Tuesday, August 17, 2021

{ No Names to be Given by Julia Brewer - TLC Book Tour }

About No Names to Be Given
Publisher: Admission Press (August 3, 2021)

Paperback: 334 pages

“A gorgeous, thrilling, and important novel! These strong women will capture your heart.”-Stacey Swann, author of Olympus, Texas

1965. Sandy runs away from home to escape her mother’s abusive boyfriend. Becca falls in love with the wrong man. And Faith suffers a devastating attack. With no support and no other options, these three young, unwed women meet at a maternity home hospital in New Orleans where they are expected to relinquish their babies and return home as if nothing transpired.

But such a life-altering event can never be forgotten, and no secret remains buried forever. Twenty-five years later, the women are reunited by a blackmailer, who threatens to expose their secrets and destroy the lives they’ve built. That shattering revelation would shake their very foundations-and reverberate all the way to the White House.

Told from the three women’s perspectives, this mesmerizing story is based on actual experiences of women in the 1960s who found themselves pregnant but unmarried, pressured by family and society to make horrific decisions. How that inconceivable act changed women forever is the story of No Names to Be Given, a heartbreaking but uplifting novel of family and redemption.

Purchase Links

IndieBound | Amazon | Barnes & Noble

About Julia Brewer Daily

Julia Brewer Daily is a Texan with a southern accent. She holds a B.S. in English and a M.S. degree in Education from the University of Southern Mississippi. She was the founding director of the Greater Belhaven Market, a producers’ only market in a historic neighborhood in Jackson, and even shadowed Martha Stewart. As the Executive Director of the Craftsmen’s Guild of Mississippi (300 artisans from 19 states) which operates the Mississippi Craft Center, she wrote their stories to introduce them to the public. Daily is an adopted child from a maternity home hospital in New Orleans. She searched and found her birth mother and through a DNA test, her birth father’s family, as well. A lifelong southerner, she now resides on a ranch in Fredericksburg, Texas, with her husband Emmerson and Labrador Retrievers, Memphis Belle and Texas Star.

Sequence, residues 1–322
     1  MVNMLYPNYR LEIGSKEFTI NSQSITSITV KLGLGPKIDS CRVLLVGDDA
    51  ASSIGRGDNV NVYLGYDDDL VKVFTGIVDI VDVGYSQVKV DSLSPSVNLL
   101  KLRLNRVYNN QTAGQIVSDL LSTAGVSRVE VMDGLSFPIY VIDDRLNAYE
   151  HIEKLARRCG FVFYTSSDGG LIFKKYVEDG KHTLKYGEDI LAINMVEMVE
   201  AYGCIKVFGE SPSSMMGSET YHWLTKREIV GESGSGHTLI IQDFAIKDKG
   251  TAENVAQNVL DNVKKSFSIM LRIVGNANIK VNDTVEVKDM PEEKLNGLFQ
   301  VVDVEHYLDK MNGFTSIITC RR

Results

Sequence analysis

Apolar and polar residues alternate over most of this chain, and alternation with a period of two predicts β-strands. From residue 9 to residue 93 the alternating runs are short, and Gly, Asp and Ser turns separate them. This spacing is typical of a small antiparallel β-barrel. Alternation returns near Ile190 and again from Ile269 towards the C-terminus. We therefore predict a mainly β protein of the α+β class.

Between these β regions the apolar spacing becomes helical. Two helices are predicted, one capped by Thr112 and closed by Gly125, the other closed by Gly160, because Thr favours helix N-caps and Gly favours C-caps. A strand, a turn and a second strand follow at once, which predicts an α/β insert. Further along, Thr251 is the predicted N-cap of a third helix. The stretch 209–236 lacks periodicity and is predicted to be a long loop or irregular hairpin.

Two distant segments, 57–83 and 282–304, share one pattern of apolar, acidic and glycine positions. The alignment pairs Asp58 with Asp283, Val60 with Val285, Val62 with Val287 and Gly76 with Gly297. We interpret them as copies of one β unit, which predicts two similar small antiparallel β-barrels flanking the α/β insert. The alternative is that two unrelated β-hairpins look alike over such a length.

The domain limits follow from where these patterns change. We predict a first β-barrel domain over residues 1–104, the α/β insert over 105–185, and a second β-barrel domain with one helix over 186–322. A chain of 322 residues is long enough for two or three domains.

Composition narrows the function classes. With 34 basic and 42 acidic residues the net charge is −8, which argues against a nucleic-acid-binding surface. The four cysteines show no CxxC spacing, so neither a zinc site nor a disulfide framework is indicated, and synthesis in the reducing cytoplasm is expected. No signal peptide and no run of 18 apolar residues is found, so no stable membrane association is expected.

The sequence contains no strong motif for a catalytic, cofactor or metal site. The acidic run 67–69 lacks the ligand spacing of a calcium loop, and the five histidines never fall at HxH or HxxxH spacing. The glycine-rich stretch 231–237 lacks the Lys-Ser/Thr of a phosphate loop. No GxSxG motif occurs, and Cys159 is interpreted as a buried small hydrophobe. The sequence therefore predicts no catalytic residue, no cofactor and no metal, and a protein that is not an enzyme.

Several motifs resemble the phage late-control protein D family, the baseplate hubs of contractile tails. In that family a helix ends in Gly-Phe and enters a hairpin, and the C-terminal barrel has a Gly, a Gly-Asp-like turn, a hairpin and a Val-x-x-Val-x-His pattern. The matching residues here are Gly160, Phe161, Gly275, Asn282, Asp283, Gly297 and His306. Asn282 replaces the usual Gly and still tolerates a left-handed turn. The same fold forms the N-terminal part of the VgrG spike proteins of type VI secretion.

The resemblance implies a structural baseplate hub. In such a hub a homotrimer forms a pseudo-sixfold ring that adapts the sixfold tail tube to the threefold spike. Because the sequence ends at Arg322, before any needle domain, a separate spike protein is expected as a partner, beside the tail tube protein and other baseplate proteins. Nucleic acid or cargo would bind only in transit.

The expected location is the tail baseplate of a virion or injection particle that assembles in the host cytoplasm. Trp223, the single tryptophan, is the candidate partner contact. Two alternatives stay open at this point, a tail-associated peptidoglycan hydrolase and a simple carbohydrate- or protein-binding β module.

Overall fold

Connect with Julia

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What a beautiful yet heartbreaking story.  
I think we have all grown up hearing about the horrific stories of the 1950s and 1960s, where young, unmarried women became pregnant and were not only hidden from society, but forced to give up their babies for adoption.  All in the name of not bringing shame to the family.
I've never been able to understand that way of thinking, but then again, I live in different times, and I can't judge those who lived in that era, for their beliefs.
No Names to be Given follows the story of 3 such women, who meet in a maternity hospital in New Orleans.  They quickly forge a friendship, while being pressured by the hospital nurses and doctors to give up their children to strangers.  They face a horrible decision, because they're expected to just walk away as if nothing happened, and return to their homes, go about their lives, and forget about the babies they leave behind.
These kind of stories have become well known.  We have heard multiple accounts of such happenings, but we don't always understand the repercussions and the consequences of those adoptions.  
In this novel, albeit a fictional story, it IS inspired by true events, and the author does a great job of bringing us the insight into what these women were thinking, feeling, and forced to do.  Though there wasn't much character development, and I ended the book feeling like I wished I had known these women a bit more, the accounts that we were given, were enough to make my heart hurt.

I can never imagine being in their shoes, feeling like the whole world is against me, and knowing that the pain of labor I am about to endure, will leave me with empty arms, as my child is whisked away, never to be seen again.

Thank you to TLC Book Tours and Admission Press for providing me with this review copy.

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